(Monitoring data need triangulation).

Figure 1 Sorting outcomes male FG

ANNEX 2H Community Participation:
Gender and Poverty in Community Decision Making

I. Materials Set of pictures on local decision making models; voting slips in four colours

(2 sets of 2 colours: current and ideal according to women and men),

Floor space

II. Method Matrix voting

III. Expected outcomes (1) Shared knowledge on current and ideal decision making proces

(2) Proposed steps to move from the current to the ideal

(3) Actions planned to implement the steps

IV. Procedure

  1. Explain that these drawings represent ways of decision making. Ask the group(s) to lay the drawings in a row along the top of the floor space. Ask the participants to state what the drawings show. Clarify if needed;

  2. Ask some participants to write three cards related to the type of decisions: (1) technology choice; (2) local design/plan; (3) local management committee (4) local financing. Ask them to place the cards on the left hand side of the floor space;

  3. Now place two piles of voting slips on the floor and ask each woman participant to take 4 slips of one colour and each male participant 4 slips of the other colour. Ask each participant to place their cards under the person(s)/group(s) that make the decisions on each of these subjects. Review and discuss the outcomes: is this the best? If not, who should ideally make each type of decision and why? Ask them to place the slips in these cells;

  4. Now ask the group(s) how a project can move from the usual to the ideal situation;

  5. Summarise the conclusions and recommendations and thank the group.

ANNEX 2I Community Participation/Management
Gender Equitable and Poor-inclusive Jobs and Training

I. Materials Two sheets of brown paper, felt tipped black pens, cards or slips of white paper

(A4 cut in 4 width-wise); handout on gender in SWM

II. Method Matrix voting

III. Expected outcomes (1) Insights into training and jobs in community participation/management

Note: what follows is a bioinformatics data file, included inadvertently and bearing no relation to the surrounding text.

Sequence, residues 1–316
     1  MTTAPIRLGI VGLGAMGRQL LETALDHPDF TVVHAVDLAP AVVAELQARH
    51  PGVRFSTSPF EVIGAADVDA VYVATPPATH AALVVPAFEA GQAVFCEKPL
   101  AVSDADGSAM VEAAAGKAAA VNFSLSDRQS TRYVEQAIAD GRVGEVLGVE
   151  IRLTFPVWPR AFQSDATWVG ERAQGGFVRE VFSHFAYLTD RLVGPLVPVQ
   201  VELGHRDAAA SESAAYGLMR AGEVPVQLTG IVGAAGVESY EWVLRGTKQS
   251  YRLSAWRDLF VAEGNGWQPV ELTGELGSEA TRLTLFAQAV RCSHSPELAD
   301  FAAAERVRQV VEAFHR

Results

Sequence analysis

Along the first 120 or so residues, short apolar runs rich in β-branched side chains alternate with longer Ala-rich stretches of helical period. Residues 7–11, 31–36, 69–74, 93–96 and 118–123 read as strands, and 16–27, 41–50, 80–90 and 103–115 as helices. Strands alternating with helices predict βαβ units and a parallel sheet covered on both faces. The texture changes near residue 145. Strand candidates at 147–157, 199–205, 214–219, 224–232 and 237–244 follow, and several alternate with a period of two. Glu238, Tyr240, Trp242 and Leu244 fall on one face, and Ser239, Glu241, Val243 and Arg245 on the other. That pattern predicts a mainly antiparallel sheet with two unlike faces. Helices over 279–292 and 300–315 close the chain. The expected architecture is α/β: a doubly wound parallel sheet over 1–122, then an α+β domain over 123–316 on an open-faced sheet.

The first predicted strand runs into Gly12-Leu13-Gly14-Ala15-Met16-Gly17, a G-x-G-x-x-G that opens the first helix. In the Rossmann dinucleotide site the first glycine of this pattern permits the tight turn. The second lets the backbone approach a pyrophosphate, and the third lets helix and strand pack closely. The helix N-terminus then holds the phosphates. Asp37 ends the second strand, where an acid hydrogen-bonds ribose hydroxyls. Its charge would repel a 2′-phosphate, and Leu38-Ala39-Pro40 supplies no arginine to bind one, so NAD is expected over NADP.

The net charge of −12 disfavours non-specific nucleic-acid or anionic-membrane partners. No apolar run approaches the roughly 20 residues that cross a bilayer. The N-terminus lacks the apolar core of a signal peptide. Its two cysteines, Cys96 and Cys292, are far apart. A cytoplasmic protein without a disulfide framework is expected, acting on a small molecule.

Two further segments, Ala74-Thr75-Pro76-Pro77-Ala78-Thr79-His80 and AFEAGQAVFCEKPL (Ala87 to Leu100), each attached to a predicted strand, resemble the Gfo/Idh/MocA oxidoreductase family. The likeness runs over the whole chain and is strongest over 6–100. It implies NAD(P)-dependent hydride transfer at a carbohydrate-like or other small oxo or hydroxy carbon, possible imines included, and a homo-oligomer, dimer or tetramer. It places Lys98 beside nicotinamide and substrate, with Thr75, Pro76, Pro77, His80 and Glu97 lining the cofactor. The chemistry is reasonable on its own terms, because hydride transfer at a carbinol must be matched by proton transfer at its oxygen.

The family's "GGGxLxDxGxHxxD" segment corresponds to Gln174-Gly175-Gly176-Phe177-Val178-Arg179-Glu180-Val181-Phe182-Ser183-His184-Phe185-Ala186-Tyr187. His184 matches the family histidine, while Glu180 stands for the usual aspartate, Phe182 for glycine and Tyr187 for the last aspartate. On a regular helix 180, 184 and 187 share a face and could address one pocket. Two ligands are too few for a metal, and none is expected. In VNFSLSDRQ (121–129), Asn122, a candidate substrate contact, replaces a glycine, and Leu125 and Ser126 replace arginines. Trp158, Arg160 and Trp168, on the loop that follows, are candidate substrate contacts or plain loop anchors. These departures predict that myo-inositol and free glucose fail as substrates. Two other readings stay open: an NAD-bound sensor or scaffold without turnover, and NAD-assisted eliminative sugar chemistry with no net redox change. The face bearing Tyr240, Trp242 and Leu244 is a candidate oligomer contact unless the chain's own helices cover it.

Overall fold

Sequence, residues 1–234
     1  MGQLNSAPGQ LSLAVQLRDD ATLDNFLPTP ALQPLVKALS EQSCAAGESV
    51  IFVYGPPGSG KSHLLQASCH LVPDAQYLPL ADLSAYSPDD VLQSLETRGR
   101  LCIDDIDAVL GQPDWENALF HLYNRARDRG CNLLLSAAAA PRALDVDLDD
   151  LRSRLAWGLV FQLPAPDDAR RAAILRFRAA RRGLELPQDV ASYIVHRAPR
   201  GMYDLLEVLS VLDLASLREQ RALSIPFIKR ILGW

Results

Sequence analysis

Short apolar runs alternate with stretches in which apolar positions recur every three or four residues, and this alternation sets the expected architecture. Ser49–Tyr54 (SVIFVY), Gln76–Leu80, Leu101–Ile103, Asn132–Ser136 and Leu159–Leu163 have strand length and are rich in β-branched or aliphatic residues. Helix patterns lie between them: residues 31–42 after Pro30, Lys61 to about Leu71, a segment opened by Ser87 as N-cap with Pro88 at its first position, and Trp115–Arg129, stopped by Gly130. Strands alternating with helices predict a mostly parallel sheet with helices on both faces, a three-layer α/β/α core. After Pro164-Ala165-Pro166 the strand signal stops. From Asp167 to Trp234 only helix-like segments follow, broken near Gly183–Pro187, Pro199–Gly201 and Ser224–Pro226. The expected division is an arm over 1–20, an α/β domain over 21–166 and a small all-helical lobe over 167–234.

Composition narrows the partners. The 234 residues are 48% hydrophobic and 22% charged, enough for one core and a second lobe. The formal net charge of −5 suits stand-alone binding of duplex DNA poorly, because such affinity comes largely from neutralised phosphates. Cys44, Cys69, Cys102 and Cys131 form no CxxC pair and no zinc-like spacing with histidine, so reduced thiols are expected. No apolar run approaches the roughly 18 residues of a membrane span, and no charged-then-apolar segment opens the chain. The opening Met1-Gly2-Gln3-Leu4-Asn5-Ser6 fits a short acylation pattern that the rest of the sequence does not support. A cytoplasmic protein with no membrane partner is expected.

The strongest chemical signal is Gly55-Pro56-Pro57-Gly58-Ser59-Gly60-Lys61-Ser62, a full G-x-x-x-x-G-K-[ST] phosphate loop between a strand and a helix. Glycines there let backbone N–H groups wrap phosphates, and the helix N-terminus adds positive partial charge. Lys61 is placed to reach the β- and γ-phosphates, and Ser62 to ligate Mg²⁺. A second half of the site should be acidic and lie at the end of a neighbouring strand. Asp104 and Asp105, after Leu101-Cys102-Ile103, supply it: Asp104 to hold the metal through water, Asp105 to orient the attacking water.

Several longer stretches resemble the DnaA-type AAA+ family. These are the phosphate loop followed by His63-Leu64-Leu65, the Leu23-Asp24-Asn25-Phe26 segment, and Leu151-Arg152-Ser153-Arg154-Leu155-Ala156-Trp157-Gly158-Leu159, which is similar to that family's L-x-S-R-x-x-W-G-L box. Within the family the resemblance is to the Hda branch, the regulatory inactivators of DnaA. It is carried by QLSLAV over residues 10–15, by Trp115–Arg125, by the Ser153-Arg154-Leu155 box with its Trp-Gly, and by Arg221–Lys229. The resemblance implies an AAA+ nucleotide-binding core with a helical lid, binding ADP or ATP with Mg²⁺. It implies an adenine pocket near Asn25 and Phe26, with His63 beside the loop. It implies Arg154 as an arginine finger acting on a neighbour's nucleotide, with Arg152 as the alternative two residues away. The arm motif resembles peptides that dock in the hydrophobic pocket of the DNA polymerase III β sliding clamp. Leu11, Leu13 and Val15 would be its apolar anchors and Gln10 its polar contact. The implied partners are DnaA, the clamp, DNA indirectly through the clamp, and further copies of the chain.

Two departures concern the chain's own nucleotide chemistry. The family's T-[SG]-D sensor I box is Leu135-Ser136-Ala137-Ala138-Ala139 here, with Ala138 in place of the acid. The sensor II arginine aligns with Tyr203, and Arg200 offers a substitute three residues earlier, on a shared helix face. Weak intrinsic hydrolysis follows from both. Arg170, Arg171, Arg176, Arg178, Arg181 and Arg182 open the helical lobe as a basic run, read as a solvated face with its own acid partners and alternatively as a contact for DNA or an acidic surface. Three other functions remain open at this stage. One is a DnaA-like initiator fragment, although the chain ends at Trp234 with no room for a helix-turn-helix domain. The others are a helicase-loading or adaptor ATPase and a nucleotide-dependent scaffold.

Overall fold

(2) Understanding and analysis of gender equity and poor-inclusive focus

(3) Agreement on monitoring and corrective actions

IV. Procedure

  1. Ask the group(s) to list write a card on ll types of work done in sanitation (excreta disposal, solid waste management, wastewater disposal, drainage). One type of job on one card. Options are: waste segregator in home, collectors and recyclers of different types of solid wastes, recycling factory worker/manager, plumber, fee collector etc.;

  2. Ask them to lay each card on the left hand side of the paper and to draw a matrix with a row for each training and two columns. Label one ‘men’ and one ‘women;

  3. Now ask them to fill in the number of women and men involved in each job;

  4. Facilitate a discussion on the division of job opportunities and the need for income earning work for poor women and men, difference in mobility and job opportunities for the two sexes, and what new opportunities a sanitation programme can give. Discuss which jobs give income in payments or in kind (e.g. vegetables grown with compost). Discuss the lack of (sex-disaggregated) data and what this means for our insights and strategies;

  5. Help the group draw conclusions and recommendations;

  6. Now repeat the activity for training. Ask participants to write each type of training given or planned on the slips, e.g. technical skills, management, financial, leadership, hygiene, composting etc. (One training per card);

  7. Ask them to lay out the trainings on the left hand side of the second brown sheet and to draw the two columns: one for men, one for women. Now ask them to indicate for whom which training is or may be planned;

  8. Facilitate a discussion on equity in gender access to training: why train men on hygiene, women on financing/management/technology;
  9. Help the group draw conclusions and formulate a strategy for gender equitable and poor-inclusive training;

  10. Evaluate the session with the participants;

  11. Thanks and closure. Share the handout on equity to work and income in SWM.




Home segregation & composting

Collection, segregation, recycling

Organic waste




Plastic: Cups

Bottles (etc.)

Paper & Cardboard

Annex 3
School, MCK and SWM Assessment Forms

ANNEX 3B Community Self-Assessment of School Sanitation and Hygiene

1. Presence and quality of students’ toilets




Toilet(s) for students exist but are not functional or not being used


Toilet(s) for students exists and is in use but they are dark, smelly and soiled with excreta


Toilet(s) for students exists and is in use, with adequate daylight, but soiled with excreta. No water soap or ash for hand washing with easy reach.


Benchmark: Toilets are clean (no excreta in pans, walls or floor) and protected against misuse (e.g., locked after school hours)


In addition, there is water, soap or ash for hand washing within easy reach of the children


Ideal: In addition, Toilets are child friendly (e.g., pans are smaller, colourful walls, etc.)